Guest Blogger: Ann Bausum
Each month, we ask one distinguished author or illustrator to write an original post that reveals insights about their process and craft. Enjoy!
“Doubling Down on History”
By Ann Bausum
Image courtesy of Ann Bausum, 2012
During 15-plus years of researching nonfiction for young readers I’ve learned that every project includes at least one pinch-me-is-this-really-happening moment. Such was the case as I researched the Memphis sanitation workers’ strike of 1968 for Marching to the Mountaintop: How Poverty, Labor Fights, and Civil Rights Set the Stage for Martin Luther King, Jr.’s Final Hours (National Geographic, 2012).
Many adults and almost no young people know that Martin Luther King, Jr., died in Memphis, and fewer still know that a potent blending of civil rights with a labor fight had drawn him to the city. King made three trips to Memphis during that spring of 1968. Each of these visits coincided with the creation of new placards for local protests. One of my pinch-me moments from 2010 was the day I viewed archived examples of these signs (pictured below) during one of my research trips to Memphis.
Plain, powerful, to the point, they read:
Other signs, such as MACE WON’T STOP TRUTH, appear in photographs, but on this one day I was privileged to see four original placards. Readers can absorb the power of these artifacts thanks to book designer Marty Ittner who has incorporated them into the endpapers in her brilliant design for Marching to the Mountaintop.
Dog-eared, battle-worn, marked with the historical imprints of now-unknown hands, these placards symbolize the courage of the people who dared to challenge authority in a city very much unsettled over matters of race. They also document the progression of events in Memphis that spring season.
How police officers (who were almost all white) attacked peaceful protesters (who were almost all African American) with mace: MACE WON’T STOP TRUTH!
Archival photo showing use of sign, “MACE WON’T STOP TRUTH”
How the strikers persisted and their cause grew to be summarized in a four-word declaration of their right to be treated with dignity: I AM A MAN.
Archival photo showing use of sign, “I AM A MAN”
How Martin Luther King, Jr., and others understood that labor rights and civil rights are integral components of human rights: UNION JUSTICE NOW!
How King’s commitment to fighting poverty connected to his determination to end racism: HONOR KING: END RACISM!
How the sacrifice of King’s life in Memphis deserved to be remembered: “lest we forget….”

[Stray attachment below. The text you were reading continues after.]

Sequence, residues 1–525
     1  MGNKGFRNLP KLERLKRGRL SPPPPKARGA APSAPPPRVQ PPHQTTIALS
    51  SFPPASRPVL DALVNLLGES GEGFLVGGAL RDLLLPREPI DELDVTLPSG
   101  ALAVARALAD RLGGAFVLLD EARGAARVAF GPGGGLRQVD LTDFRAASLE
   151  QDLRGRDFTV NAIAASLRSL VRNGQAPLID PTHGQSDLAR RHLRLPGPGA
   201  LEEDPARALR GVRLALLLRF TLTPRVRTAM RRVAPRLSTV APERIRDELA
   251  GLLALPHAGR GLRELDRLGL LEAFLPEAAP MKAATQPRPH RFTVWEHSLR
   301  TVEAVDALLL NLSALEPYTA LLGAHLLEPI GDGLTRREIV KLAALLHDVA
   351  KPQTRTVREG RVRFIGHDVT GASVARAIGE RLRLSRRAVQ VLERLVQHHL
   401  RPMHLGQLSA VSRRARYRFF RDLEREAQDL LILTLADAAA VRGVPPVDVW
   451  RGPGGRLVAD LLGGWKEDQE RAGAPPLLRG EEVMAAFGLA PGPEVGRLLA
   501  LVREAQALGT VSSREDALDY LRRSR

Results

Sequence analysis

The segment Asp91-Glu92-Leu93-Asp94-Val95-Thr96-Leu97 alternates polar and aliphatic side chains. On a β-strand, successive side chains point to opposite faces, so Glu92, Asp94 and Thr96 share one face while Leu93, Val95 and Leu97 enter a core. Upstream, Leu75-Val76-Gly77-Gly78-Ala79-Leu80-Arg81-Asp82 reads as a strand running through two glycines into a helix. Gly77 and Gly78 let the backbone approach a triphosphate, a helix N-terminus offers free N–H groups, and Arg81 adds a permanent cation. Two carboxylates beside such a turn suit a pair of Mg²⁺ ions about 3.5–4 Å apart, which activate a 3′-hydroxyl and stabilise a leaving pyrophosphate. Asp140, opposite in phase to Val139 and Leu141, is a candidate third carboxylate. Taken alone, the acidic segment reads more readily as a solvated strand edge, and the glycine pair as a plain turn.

And yet, perhaps because the story of King’s death is so tragic—and so complex—we’ve erred on emphasizing other events from his life, events that are easier to digest, that are stripped of controversy, that can be reduced to convenient annual sound bites.
School children learn that King had a dream, but how many are taught that King died in Memphis while trying to make that dream come true? School children can recognize lines from his “I Have a Dream” speech, but how many have heard the equally powerful words he delivered in his “Mountaintop” speech on what became the last night of his life? School children associate King with an annual holiday, but how many appreciate how his passion for social justice kept him working almost beyond reason? And yet he did, whether the cause was equal rights or voting rights or labor rights, whether the force of repression he fought was segregation or violence or poverty.
When I hold a piece of history in my hands, when I retrace protest marches through downtown Memphis, when I view the balcony where Martin Luther King, Jr., stood at the end of his life, I double down on research, write as if my thoughts are on fire, and revise until my vision blurs, so that readers, young and old alike, can glimpse the gems of history that have shaped our nation.
“Lest we forget.”
May the recollection of these moments from the past inspire us to keep dreaming, keep working, and keep marching to the mountaintop.
- An original article by Ann Bausum
This material may not be used without the express written consent of Ann Bausum. Archival photos courtesy The University of Memphis Libraries, Special Collections: Press-Scimitar Archives and Sanitation Strike Collection, Mississippi Valley Collection (MVC).
More online resources about Ann Bausum:
Hear Ann Bausum pronounce and speak about her name. Listen Now
Listen to Ann Bausum introduce and read from Marching to the Mountaintop. Listen Now